An exhibition is revealing new stories from the 1921 Census with a look at worker life at Sizergh's Gunpowder Work.

Through partnership with family history company, Findmypast, the National Trust's display is now showcasing these captivating tales at the Great Barn in Sizergh.

The free exhibition is open 10am to 5pm daily until November 30.

Individuals' family life at Sizergh and the perilous nature of the work at the Gunpowder Works are the main themes of the revealed stories.

One striking account from 1903 recounts two men, Shaw and Newton, being 'blown to pieces' in a mysterious explosion that wounded four others.

It was reported by the West Somerset Free Press that 'trees were uprooted' and 'two powder manufacturing houses were hurled across a river'.

The shock was described as 'like a small earthquake'.

Nestled in Cumbria, the Sizergh estate was Strickland family's property for over eight centuries, offering a fascinating view into the lives of its residents.

The estate includes the less celebrated Sedgwick Gunpowder Works, which was set up by Walter Charles Strickland in 1857, a stone's throw away from Sizergh Castle.

The 1921 Census discovery has given further insights into workers like the 24-year-old sawmill labourer, Christopher William Larcombe, who lived at Sizergh Fell Side with his wife Nora and their two children.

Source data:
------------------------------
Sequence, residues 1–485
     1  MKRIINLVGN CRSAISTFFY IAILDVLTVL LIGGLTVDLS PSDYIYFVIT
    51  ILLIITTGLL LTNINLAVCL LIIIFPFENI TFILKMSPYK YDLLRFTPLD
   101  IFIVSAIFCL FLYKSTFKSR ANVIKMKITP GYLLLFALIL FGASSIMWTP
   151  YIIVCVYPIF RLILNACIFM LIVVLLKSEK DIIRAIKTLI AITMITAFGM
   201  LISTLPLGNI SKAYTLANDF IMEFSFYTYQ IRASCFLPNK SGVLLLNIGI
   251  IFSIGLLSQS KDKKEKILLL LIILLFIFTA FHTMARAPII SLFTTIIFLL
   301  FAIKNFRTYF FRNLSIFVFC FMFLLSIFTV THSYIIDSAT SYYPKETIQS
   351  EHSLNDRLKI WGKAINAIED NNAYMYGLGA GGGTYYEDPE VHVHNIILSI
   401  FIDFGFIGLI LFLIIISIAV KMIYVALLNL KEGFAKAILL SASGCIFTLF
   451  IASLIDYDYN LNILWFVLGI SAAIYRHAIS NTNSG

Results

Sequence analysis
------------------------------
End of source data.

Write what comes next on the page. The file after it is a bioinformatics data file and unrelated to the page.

Another intriguing insight is Thomas Faulkner's ambitious journey from a Clerk at the Gunpowder Works to the Foreman of the site.

A tragic narrative deals with the struggles of Edwin Clegg Rothwell, a 42-year-old out-of-work powder worker who found himself supporting his family of six after losing his job.

The Lancashire Evening Post reported that Edwin's life had ended when was 'knocked down by a motorcycle at Crook' in September 1939, when he had resumed work as a gunpowder maker.

“This is a once-in-a-lifetime opportunity to use the 1921 Census and Findmypast’s extensive collections to reveal new stories about the people and communities of our shared national places,” said Sean Fletcher, Property Operations Manager, Sizergh.

“We’re delighted to be partnering with Findmypast to tell these rich and fascinating stories – including that of Sizergh – which we hope will connect current and future generations with the people that helped shape these places over 100 years ago.”

The exhibition features untold stories, going beyond the Census data by leveraging Findmypast's vast historical data trove, which includes 14 billion records like parish records, directories, military, migration records, electoral rolls, and British newspapers.

“The 1921 Census has already revealed countless untold stories for people across the globe. We’re so excited to work with the National Trust to delve into these records and offer new perspectives on the people who lived and worked at their sites,” said Jen Baldwin, Research Specialist at Findmypast.

“Using Findmypast’s extensive data and our millions of inter-connected family trees, we can reveal the details of peoples’ lives in more detail than ever before – from heiresses to millworkers. We might even find some new connections to the site, and I hope that this collaboration will inspire people to research the history of their own families and the places they lived.”